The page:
Terrence Abrahams

On the first day of spring

we went down to the field and we fucked. It was that simple. There was the scent of grass and also maybe the clouds, which I ruefully imagined smelled not of new rain but something older, tinged with copper, the lingering aftertaste of river water that’s okay but not great to drink, which we of course had drunk despite the warnings. When you swallowed, I looked away. I remained thirsty, hating the body I wore for sweating, loving the clothes I wore for loosening, and wishing we had been anywhere but there. What is it about open spaces that outs me? I can’t place it. I know I am bipedal and taller than most grasses. I am not afraid of the void of a hawk above. I am consenting to the simplicity of fucking in a field. Our bodies made new shapes out of the grass, flattening it, the insects tangled within it introduced to new concepts like weight and shade and salt. Concepts I, too, was estranged from until you. But they are here to help ground me. Now here’s a fact, not a concept: a field can be cut in half with a river. A mountain, too, can be worn down by the water. What these geographies do to change their appearance is accept the slow work of everything on the outside. A mountain has a centre. A river has an origin. I wanted to be as fluid and whole as both.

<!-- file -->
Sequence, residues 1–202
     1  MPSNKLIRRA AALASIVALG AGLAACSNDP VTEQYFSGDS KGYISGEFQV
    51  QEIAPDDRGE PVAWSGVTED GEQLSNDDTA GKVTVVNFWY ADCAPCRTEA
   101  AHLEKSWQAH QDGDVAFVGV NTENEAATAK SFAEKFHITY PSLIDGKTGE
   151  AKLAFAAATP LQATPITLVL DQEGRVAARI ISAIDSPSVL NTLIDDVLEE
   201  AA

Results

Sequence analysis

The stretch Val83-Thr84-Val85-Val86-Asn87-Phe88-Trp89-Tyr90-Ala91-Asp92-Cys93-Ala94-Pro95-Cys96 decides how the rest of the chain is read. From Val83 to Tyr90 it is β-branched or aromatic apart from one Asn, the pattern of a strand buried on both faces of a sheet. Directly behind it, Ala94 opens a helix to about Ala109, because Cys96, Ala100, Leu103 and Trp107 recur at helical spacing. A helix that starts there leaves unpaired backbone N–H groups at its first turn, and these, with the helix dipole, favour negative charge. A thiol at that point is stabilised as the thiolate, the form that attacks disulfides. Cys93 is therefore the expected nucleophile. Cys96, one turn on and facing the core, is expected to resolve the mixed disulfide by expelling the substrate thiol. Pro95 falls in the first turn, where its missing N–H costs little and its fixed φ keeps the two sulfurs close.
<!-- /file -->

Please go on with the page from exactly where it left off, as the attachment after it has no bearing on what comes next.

Terrence Abrahams lives and writes quietly in Toronto. His work has appeared in the Puritan, Peach Mag, Hobart Pulp, Cartridge Lit, and many gendered mothers, among others. He has a MA degree and two poetry chapbooks forthcoming in 2019.

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